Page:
‘It is essential to me to study and perform music on an emotional level. Next to the values of analysis and knowledge, my music-making does follow its most powerful path when it comes from the gut. Conveying that purity and essence of the music is my drive in playing the cello. It seems the right way to let the listener join me in the flow, to become “unchained” together.’
‘Motherhood is closely linked to my career. My children are a constant mirror to everything I do, think and feel. This has given me new and invigorating ways in communicating through music. It is as if I don’t play anymore, I just am.’
Amongst other concerts this season, Quirine Viersen will give multiple performances of the Barber Cello Concerto with the Niederrheinische Sinfoniker under Diego Martin-Etxebarria. For the international Cello Biennial Amsterdam 2018, she looks forward to revisiting Korngold’s Cello Concerto, as well as playing the world premiere of Glacier, a solo piece JacobTV wrote for her. 2019 will see the collaboration with both the Arnhem Philharmonic Orchestra/Lucas Macias Navarro and the Netherlands Chamber Orchestra for the cello arrangement of Mozart’s Flute Concerto.
In 2011, Quirine recorded the Bach Suites for Cello for the first time. The Strad wrote: [her] ’interpretations are characterised by poise, imagination and a pleasing sense of fantasy.’ New perspectives have led to a second recording, to be issued this year.
After working and recording extensively with Silke Avenhaus for almost twenty years, Quirine has sought out new duo collaborations. Recitals with pianist Enrico Pace kicked off with great success at the Concertgebouw, Amsterdam in 2017.
Quirine’s father, Yke Viersen (cellist in the Royal Concertgebouw Orchestra), was a logical first influence on her talent, followed by Jan Decroos and Dimitri Ferschtman. At sixteen, Quirine was the youngest prize winner ever at the Scheveningen International Music Competition.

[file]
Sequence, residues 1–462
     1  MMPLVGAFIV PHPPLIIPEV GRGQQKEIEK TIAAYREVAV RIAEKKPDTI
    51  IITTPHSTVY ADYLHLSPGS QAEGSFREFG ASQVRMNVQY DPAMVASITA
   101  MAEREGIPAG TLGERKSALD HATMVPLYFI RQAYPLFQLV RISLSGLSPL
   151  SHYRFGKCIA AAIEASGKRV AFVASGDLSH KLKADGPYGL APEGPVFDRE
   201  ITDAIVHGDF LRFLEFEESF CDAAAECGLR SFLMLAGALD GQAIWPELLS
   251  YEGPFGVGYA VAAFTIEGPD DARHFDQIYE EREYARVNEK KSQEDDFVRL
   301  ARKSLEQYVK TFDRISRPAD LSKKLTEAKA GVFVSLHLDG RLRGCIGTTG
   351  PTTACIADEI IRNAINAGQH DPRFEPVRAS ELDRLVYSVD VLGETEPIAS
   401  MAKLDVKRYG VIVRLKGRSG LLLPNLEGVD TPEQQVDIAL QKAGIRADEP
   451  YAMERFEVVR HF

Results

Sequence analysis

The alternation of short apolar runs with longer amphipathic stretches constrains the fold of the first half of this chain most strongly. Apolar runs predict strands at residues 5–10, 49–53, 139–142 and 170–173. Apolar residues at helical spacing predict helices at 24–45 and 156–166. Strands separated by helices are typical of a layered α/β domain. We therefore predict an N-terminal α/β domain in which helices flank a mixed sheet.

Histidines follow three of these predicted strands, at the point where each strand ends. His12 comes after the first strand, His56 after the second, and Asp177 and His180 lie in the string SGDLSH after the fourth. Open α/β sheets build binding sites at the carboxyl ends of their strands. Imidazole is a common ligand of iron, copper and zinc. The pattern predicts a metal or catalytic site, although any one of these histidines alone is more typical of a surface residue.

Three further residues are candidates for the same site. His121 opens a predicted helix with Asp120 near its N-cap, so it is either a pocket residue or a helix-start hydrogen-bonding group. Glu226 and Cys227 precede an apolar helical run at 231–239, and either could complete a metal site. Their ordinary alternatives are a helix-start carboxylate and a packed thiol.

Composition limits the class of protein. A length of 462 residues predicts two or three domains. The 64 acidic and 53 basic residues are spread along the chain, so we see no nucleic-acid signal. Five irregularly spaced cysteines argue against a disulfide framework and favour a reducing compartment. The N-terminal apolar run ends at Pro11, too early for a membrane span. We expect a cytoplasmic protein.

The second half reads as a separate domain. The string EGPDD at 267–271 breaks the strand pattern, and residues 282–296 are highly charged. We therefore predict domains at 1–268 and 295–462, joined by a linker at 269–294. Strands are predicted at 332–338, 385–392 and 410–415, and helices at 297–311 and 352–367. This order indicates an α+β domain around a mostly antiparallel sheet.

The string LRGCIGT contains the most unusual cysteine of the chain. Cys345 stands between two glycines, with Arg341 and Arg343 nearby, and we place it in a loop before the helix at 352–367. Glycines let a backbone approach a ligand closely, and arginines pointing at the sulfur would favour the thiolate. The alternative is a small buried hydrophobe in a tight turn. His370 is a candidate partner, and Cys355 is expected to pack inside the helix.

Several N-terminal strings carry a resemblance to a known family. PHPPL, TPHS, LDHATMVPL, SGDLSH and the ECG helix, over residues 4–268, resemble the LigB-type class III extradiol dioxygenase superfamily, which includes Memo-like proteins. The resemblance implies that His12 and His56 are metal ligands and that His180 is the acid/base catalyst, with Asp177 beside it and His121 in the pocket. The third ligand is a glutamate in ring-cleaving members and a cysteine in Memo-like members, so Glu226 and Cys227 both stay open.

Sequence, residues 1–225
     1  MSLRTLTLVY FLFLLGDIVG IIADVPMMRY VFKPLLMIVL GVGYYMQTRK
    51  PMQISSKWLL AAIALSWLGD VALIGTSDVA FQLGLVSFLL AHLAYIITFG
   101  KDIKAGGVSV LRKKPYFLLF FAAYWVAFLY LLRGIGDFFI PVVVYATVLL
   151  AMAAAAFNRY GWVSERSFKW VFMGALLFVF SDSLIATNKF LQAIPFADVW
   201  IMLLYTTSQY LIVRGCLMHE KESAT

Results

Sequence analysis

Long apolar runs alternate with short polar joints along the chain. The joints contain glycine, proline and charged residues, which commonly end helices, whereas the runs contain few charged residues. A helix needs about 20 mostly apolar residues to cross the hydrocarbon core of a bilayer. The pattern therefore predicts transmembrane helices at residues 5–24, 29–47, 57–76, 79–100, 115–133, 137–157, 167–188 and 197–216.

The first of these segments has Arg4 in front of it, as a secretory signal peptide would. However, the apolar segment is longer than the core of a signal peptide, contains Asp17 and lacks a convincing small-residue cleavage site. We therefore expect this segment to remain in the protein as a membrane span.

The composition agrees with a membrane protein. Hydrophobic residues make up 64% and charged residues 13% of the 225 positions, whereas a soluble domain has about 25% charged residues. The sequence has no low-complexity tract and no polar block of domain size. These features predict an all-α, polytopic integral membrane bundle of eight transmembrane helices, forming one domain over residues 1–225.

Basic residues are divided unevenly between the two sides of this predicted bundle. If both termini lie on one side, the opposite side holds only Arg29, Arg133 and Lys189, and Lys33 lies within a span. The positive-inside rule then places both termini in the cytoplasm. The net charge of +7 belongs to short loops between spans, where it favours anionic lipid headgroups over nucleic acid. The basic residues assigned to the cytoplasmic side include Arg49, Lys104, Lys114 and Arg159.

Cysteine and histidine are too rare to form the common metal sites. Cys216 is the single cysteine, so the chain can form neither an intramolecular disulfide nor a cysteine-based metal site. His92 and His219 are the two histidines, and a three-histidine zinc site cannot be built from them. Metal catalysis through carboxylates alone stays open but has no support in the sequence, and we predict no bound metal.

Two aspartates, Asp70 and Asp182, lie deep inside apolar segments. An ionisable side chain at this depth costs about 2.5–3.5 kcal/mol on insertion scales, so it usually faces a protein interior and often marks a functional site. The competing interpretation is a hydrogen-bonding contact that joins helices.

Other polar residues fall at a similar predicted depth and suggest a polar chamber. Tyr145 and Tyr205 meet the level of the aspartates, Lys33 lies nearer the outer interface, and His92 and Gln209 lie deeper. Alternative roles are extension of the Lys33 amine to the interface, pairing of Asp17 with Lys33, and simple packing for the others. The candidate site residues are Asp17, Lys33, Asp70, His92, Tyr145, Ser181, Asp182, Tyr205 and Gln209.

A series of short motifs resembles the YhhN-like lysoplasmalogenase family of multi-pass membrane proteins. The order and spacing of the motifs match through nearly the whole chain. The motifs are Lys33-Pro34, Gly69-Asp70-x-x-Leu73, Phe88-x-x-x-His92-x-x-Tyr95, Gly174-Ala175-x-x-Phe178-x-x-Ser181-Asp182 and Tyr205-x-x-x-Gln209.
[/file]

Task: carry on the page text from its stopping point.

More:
The insights of Ralph Kirshbaum and Natalia Gutman and Heinrich Schiff proved to be defining. Heinrich Schiff was her all-encompassing mentor, teaching her to make music with the cello as her instrument. The ‘Navarra’ technique enriched her playing greatly. Amongst others, she was prize winner at the Rostropovich Competition Paris 1990, at the International Cello Competition Helsinki 1991, and at the Tchaikovsky Competition Moscow 1994. In the same year, she received the most prestigious classical state prize, the Dutch Music Award.
Quirine Viersen performs on the ‘Joseph Guarnerius Filius Andreae’ from 1715, previously played by André Navarra. With help of Heinrich Schiff, it was kindly provided by the Dutch National Instrument Fund. Schiff complemented this instrument with one of his bows as a gift.
Being awarded the Credit Suisse Young Artist Award, Quirine performed with the Vienna Philharmonic under Zubin Mehta at the Lucerne Festival in 2000.
Since then, Quirine has played the cello concerto repertoire with the Royal Concertgebouw Orchestra under Herbert Blomstedt, Ingo Metzmacher and Bernard Haitink, Netherlands Philharmonic Orchestra/Marc Albrecht, St. Petersburg Philharmonic Orchestra/Valery Gergiev, Frankfurt Radio Symphony/Hugh Wolff, Israel Philharmonic Orchestra/Georges Pehlivanian, Vienna Chamber Orchestra/Heinrich Schiff, Malmö Symphony Orchestra/Lawrence Renes, Tokyo Metropolitan Symphony Orchestra/Jean Fournet and others.
Previous and continuing collaborations include Antje Weithaas, Thomas Beijer, Leonidas Kavakos and Liza Ferschtman; with invitations from Delft Chamber Music Festival, Rheingau Music Festival, Mondsee Tage, Luzerner Festwochen and the Salzburger Festspiele.
Text: Green Room Creatives (quirineviersen.com); Photo: Jelmer de Haas